A kitchen thermometer is vital for ensuring food is not only safe to eat, but also cooked to the optimal temperature for the best quality: keeping meats, casseroles and other foods moist and delicious.
Also called food or cooking thermometers, kitchen thermometers are available in analog and digital varieties for meat, candy and a variety of other foods. Newer Wi-Fi enabled “smart” versions, which send a notification via phone when food is ready, can cost $200 or more. For a less expensive option, get a simple analog meat thermometer for about $10 or an all-purpose “instant read” digital thermometer for $30 to $100.
When selecting a kitchen thermometer, consider the foods you cook most often. A “dial” meat thermometer does not require batteries and has markings to indicate safe internal cooking temperatures for beef, poultry and pork. Most meat thermometers can be placed into raw food and left until done cooking. Meat thermometers also can be used for re-heating soups, stews and casseroles to ensure they have reached a safe temperature.
To use a meat thermometer, place the probe in the thickest portion of the food and stay away from bones, fat and gristle. For irregular-shaped foods such as egg dishes and casseroles, check the temperature in several locations to ensure consistent overall heating.
Candy thermometers, which do not have a metal probe, are a necessity for candy makers and for home cooks who do a lot of deep-frying. Clip a candy thermometer to the side of a pot or pan before heating food. This is especially important with a glass thermometer, as extreme temperature shock may cause it to break. Make sure the bulb does not come in contact with the bottom of the pan, which will result in a false temperature reading.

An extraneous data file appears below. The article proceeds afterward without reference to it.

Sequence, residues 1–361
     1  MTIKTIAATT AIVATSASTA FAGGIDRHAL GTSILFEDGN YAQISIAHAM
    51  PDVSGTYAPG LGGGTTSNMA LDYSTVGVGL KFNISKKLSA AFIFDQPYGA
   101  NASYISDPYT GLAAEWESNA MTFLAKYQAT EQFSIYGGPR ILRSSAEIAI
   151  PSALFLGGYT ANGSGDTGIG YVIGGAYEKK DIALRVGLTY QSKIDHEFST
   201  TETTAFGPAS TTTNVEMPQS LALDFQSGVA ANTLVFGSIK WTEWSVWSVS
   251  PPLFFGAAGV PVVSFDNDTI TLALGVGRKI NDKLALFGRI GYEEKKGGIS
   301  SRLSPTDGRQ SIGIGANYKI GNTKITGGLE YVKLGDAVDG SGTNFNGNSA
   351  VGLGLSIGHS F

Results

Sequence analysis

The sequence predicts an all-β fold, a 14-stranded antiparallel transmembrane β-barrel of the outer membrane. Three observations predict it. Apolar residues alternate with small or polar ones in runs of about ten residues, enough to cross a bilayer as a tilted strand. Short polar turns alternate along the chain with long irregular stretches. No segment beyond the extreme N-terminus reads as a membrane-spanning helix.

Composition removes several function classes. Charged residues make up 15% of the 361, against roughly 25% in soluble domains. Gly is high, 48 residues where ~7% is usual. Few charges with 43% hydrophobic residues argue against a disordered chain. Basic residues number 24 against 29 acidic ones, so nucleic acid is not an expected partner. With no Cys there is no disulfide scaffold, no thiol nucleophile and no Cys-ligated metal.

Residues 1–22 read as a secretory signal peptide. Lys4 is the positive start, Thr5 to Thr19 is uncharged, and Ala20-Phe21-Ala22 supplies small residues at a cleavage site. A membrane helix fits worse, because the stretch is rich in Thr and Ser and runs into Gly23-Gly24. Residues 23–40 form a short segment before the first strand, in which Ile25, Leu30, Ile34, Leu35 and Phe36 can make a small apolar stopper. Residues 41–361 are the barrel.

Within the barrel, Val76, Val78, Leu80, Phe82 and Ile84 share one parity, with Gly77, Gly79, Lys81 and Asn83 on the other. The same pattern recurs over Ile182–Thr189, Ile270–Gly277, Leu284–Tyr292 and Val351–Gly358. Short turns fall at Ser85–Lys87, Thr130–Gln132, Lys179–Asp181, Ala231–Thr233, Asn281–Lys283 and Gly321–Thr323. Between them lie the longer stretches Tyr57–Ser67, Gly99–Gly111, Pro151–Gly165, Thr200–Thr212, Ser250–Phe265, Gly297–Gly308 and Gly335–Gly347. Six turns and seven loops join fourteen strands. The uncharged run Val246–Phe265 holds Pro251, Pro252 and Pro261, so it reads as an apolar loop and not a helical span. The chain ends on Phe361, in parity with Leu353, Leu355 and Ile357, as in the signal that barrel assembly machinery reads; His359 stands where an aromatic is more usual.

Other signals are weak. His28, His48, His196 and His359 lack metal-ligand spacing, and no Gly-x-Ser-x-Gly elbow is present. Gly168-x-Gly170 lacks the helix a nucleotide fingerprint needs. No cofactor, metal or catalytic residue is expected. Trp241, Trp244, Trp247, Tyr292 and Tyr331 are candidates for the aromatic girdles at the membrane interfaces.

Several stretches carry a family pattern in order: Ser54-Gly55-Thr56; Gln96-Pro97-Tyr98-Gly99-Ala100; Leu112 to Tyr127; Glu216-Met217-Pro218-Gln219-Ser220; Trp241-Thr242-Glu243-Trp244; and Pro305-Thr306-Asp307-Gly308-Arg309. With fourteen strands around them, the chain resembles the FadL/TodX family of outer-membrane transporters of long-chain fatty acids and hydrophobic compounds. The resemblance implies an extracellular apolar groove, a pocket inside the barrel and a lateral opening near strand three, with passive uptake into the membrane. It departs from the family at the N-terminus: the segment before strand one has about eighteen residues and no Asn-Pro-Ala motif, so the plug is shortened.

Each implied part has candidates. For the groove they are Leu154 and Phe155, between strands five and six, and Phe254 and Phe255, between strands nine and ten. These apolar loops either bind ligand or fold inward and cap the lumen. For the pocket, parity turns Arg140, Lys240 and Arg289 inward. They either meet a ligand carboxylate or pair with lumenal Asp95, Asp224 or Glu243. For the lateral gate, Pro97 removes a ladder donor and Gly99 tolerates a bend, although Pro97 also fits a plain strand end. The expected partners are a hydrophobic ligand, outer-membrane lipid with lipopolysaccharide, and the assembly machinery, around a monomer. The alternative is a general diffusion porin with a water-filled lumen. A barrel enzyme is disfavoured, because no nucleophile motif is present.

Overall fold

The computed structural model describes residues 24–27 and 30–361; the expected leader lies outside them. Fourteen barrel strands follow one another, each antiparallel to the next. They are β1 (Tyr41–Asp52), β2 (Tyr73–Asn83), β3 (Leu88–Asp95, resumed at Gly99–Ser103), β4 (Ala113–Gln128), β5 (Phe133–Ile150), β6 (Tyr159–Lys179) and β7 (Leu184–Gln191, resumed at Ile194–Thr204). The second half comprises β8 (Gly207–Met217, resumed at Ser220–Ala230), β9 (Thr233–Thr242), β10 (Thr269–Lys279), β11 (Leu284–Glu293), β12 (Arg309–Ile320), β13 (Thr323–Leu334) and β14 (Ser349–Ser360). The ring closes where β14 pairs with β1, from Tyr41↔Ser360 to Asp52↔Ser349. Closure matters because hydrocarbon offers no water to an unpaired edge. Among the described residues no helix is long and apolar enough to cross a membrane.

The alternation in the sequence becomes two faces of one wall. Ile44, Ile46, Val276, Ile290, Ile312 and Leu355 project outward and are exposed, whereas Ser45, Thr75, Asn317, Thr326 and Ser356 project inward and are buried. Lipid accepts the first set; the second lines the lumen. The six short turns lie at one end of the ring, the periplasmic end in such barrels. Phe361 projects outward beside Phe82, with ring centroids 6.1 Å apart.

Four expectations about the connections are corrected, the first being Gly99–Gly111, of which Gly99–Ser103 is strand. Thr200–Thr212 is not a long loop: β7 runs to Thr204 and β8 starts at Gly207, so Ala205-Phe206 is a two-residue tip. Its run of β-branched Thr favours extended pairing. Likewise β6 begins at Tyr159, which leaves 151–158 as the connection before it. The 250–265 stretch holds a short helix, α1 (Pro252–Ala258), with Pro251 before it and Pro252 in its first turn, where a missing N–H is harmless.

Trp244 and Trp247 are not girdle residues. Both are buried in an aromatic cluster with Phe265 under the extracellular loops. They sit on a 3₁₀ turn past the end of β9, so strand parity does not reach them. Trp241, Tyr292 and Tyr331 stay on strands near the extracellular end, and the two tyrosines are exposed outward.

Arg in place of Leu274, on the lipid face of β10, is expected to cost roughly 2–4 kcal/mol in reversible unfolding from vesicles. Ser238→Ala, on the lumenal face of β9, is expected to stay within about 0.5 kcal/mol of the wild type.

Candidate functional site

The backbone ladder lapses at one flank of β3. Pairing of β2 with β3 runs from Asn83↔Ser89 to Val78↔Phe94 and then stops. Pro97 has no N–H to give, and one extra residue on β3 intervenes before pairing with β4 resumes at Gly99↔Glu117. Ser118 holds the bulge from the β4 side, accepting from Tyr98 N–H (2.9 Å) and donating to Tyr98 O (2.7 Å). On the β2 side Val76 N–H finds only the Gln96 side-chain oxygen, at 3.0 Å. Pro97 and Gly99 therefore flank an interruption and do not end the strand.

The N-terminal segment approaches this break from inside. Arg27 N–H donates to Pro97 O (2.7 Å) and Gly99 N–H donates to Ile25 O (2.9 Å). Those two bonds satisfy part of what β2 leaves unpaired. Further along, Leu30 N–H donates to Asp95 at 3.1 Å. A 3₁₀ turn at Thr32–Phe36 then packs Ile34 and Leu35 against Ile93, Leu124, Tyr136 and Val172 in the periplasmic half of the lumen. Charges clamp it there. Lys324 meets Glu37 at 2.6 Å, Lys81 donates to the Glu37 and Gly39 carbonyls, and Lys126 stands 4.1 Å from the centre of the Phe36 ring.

If you want only one thermometer, an “all-purpose” digital instant read or thermocouple thermometer is the best choice. Look for three key features: length (the longer the better), grip (choose one that feels secure in your hands) and visibility (opt for a large display with a screen on the side, rather than on the top, for better readability from different angles).
Deluxe thermocouple thermometers with a fast read time of 2 to 5 seconds sell for about $70 to $100, while less expensive yet highly rated versions with read times of fewer than 10 seconds sell for about $30. A disadvantage of thermocouple thermometers is that they cannot be left in food while cooking.
No matter the type, kitchen thermometers should be calibrated regularly using ice water or boiling water to ensure accuracy. To clean a kitchen thermometer, wash it with hot, soapy water after each use and store it in a case so no one gets poked when rummaging through the kitchen drawer.